Fiction Review


Night of Knives

(2008) Ian C Esslemont, Bantam Books, 7.99, pbk, 480pp, ISBN 978-0-553-81829-1

Ian Esslemont was born in Winnipeg, Canada, has worked as an archaeologist and also lived in Thailand and Japan for several years. Currently living in Fairbanks, Alaska with his wife and children. Night of Knives is his first novel, set in the Mazalan Empire, which you may know from the works of Steven Erikson. You might wonder about this, but Erikson makes it very clear in his introduction to this book that the Mazalan world has been developed by both authors, both independently and jointly since 1982. Initially developed as a role-playing games world, it has subsequently developed into a vehicle for their novels.

The story largely takes place over one night on the isle of Mazalan, now a backwater of the Empire, although the city still appears to be a place of magical significance. The two main characters that we follow are a cynical old war veteran who takes the name 'Temper' (as in the temper of a sword), and Kiska, a young woman and highly skilled thief, desperate to get off the island and see the world. It is a big story with many factions involved from the highest ranks of the Empire in the struggle for power and rulership over this world, and the outer planes that the mages draw their power from. During the night of the story our two main characters stumble from one faction to another, criss-crossing their way across the city, doing their best to survive. Meanwhile, in the background, an even bigger story is taking place, which drags the most powerful mages on the island and from the factions together in what would seem a last ditch defense of everything!. Ultimately the characters are not necessarily motivated by what you would expect as the story unwinds... and the denouement cannot be deduced from the main story.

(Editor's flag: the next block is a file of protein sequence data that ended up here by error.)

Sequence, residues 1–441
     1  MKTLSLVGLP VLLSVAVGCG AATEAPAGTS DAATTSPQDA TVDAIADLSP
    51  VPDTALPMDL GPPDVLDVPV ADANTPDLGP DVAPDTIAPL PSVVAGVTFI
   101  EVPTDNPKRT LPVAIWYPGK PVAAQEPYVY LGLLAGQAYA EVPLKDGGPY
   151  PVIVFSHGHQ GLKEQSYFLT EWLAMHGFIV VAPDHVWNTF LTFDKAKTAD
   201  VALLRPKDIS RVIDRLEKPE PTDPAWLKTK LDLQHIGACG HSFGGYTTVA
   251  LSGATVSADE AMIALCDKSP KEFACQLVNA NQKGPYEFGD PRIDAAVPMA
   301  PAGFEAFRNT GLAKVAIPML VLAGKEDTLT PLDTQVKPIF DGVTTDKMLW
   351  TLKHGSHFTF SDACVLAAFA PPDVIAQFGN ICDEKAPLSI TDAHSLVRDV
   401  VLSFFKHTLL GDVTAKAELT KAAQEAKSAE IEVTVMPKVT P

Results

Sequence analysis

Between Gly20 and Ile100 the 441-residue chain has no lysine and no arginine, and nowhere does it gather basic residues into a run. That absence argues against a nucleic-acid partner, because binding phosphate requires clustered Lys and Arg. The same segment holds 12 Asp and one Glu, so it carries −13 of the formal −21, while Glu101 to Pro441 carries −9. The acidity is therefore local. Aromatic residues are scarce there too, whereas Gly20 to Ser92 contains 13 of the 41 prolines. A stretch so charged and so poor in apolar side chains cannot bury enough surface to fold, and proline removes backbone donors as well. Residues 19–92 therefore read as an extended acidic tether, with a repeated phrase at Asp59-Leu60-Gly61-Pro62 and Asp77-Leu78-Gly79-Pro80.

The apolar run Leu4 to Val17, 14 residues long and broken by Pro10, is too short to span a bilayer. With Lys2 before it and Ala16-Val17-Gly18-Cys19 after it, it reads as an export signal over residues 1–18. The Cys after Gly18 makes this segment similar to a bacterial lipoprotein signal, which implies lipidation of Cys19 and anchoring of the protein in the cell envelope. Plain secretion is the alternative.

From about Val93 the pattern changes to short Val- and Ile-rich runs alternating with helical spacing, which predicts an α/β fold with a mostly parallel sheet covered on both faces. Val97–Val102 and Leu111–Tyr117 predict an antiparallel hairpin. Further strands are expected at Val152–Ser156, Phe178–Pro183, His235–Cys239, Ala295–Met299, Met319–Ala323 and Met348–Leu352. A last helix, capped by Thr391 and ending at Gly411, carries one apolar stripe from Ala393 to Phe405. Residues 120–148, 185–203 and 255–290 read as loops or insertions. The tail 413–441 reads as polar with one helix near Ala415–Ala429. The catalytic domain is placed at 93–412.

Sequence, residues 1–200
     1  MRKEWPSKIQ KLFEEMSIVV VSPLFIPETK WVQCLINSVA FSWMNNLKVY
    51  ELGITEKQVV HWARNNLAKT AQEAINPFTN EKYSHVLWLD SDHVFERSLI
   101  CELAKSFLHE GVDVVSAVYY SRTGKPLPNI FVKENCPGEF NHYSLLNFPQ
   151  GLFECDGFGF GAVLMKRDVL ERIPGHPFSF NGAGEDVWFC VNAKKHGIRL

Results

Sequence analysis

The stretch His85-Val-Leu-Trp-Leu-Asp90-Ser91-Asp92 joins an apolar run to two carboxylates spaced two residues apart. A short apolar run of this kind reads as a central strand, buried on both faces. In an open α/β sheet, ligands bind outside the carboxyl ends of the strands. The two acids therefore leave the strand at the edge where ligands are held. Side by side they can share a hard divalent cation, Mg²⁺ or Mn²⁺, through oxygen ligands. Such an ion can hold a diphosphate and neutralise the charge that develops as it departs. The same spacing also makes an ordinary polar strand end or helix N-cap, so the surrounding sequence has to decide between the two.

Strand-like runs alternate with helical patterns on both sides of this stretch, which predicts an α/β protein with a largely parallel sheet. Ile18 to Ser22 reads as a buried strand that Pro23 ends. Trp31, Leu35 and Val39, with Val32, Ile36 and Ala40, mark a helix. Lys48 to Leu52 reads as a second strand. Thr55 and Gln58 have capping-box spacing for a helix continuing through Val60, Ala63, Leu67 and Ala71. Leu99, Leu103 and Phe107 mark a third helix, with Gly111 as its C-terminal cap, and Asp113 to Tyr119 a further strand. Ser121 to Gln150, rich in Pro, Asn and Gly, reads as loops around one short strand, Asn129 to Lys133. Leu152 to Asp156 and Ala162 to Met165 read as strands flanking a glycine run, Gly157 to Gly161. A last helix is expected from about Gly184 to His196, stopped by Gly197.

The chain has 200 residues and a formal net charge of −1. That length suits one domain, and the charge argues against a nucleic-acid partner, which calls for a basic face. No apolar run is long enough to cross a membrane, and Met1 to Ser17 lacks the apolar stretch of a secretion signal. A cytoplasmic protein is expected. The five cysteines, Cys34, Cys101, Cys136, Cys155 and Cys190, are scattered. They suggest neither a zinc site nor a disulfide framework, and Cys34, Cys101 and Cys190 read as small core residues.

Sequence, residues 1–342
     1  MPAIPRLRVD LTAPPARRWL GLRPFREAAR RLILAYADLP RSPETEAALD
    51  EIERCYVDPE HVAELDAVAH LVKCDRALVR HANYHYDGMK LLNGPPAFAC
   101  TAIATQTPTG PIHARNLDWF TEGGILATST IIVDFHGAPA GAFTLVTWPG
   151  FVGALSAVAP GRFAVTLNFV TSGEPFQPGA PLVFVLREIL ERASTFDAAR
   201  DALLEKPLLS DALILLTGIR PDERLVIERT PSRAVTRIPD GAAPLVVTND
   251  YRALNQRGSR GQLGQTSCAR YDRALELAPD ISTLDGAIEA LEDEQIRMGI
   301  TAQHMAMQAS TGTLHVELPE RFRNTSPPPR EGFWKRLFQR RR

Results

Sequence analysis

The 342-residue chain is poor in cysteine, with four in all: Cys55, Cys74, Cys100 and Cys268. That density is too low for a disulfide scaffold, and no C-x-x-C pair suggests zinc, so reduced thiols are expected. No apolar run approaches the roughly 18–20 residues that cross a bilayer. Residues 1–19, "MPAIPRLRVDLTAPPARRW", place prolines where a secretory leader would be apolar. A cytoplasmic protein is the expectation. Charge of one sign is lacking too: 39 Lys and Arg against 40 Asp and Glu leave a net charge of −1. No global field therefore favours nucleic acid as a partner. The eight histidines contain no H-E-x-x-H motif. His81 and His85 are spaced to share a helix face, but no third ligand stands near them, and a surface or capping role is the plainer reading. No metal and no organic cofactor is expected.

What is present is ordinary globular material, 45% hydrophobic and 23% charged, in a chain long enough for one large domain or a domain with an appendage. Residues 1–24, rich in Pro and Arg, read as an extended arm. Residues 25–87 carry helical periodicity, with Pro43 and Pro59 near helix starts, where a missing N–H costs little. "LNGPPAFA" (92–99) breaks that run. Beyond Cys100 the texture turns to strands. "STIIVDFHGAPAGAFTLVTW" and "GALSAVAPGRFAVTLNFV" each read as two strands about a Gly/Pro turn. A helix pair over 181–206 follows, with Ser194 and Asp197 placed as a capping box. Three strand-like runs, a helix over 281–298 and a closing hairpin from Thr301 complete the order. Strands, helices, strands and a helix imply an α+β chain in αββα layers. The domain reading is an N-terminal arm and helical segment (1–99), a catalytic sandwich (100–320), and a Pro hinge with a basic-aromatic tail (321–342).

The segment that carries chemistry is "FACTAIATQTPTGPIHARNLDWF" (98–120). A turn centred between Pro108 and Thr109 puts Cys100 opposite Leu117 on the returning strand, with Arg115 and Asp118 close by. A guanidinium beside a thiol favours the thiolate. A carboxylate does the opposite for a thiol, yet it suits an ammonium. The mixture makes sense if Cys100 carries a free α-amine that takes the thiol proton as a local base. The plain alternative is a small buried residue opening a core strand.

I felt that, on the whole, the story was very well written and drew you along with a fast pace, with the character backgrounds in short sections, scattered throughout the novel. Working it out as I went along was great fun, and the cast list in the front of the book was very useful.

Geoff Haynes


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